|Qing scroll painting: €22.1m|
This week, French provincial auction house Labarbe requested a refundable down payment of €200,000 from Asian bidders seeking to compete for a Qing dynasty scroll painting at their Toulouse auction on March 26, according to my chum Scott Reyburn over at Bloomberg.
In the event, the hammer fell at €22.1 million ($31 million) to a Beijing-based collector, although whether the balance will ever be settled remains to be seen. Like so many prestigious works of Chinese art coming on the market at present, the scroll, dating from 1739, was looted from the Forbidden City in 1900. It came to market from a Parisian private collection.
Labarbe's decision to demand from bidders a cash-expressed statement of intent was prompted by the embarrassing predicament of UK-based auction house Bainbridges. Back in November last year, the Ruislip firm was bid £51.6 million ($83.2 million) by Liaoning-based real estate billionaire Wang Jianlin for a Qing dynasty vase. Bainbridges are still awaiting settlement of the account (see my earlier comments on this issue here and here.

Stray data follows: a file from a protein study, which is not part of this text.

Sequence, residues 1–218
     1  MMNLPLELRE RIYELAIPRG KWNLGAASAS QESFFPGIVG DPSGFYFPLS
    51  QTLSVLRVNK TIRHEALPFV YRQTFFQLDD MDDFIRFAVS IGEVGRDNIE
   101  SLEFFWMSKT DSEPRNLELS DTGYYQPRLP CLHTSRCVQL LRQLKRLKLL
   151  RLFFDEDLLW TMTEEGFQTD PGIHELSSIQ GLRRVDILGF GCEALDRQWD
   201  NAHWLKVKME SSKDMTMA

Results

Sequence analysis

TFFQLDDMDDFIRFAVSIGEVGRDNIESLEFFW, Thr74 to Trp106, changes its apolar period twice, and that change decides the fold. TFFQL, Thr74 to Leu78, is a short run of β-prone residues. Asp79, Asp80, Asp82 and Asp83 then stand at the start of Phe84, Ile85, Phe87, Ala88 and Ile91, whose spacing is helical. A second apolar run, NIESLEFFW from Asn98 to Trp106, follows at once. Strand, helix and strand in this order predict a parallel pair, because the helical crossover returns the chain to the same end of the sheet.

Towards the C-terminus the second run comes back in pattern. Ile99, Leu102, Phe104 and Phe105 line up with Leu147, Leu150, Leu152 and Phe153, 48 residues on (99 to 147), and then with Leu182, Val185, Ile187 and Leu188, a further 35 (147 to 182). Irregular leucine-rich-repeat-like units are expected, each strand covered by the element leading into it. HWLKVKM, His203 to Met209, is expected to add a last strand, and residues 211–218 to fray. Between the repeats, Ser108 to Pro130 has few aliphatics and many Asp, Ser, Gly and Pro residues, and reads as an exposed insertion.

According to Bloomberg, Mr Wang was prohibited from bidding at the Toulouse auction on account of his unpaid Ruislip bill. "I would rather have sold the scroll for 8 or 10 million euros to someone with money in the bank, rather than for a crazy price to someone I don't know," Labarbe's Asian art consultant Pierre Ansas told Bloomberg.
With a UK auctioneer reeling from an unpaid multi-million pound bid and French Asian art experts describing the hammer prices for Chinese imperial art as "crazy," one suspects it won't be long before auctioneers across Europe follow Labarbe's example and demand more rigorous credit checks from Chinese bidders seeking to reclaim their looted cultural heritage. All this comes shortly after this year's TEFAF art market report prepared by Dr Clare McAndrew, which confirmed that China has finally usurped the UK as the world's second largest art market after the US.
Meanwhile, quite why the Parisian vendors chose to consign the Qianlong imperial scroll to the distant Toulouse auction house rather than to a Parisian firm remains unclear. Is it another indication of Paris's rapidly declining position in the global auction league?